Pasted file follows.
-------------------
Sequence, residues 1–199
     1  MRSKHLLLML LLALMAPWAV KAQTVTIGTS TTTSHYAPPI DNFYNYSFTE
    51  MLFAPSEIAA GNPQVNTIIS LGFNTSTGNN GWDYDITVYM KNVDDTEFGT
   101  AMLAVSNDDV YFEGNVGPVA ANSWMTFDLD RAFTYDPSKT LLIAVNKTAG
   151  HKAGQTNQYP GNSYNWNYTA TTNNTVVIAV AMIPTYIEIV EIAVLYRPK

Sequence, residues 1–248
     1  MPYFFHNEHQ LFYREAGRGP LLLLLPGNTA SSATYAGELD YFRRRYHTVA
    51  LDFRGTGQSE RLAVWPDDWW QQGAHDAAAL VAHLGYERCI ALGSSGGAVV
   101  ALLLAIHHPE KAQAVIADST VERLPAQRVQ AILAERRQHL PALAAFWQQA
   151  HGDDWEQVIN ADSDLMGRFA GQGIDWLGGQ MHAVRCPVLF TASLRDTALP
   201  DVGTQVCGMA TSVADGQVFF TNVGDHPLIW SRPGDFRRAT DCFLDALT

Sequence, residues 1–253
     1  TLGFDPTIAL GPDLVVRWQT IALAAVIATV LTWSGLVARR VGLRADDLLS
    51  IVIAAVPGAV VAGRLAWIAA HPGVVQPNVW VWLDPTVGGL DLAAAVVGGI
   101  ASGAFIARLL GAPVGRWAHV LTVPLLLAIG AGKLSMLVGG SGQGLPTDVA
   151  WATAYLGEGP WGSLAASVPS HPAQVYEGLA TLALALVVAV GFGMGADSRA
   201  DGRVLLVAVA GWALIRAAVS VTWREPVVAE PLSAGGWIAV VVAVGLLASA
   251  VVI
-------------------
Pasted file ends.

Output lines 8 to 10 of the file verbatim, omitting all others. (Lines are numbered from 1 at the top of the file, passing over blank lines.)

    51  LDFRGTGQSE RLAVWPDDWW QQGAHDAAAL VAHLGYERCI ALGSSGGAVV
   101  ALLLAIHHPE KAQAVIADST VERLPAQRVQ AILAERRQHL PALAAFWQQA
   151  HGDDWEQVIN ADSDLMGRFA GQGIDWLGGQ MHAVRCPVLF TASLRDTALP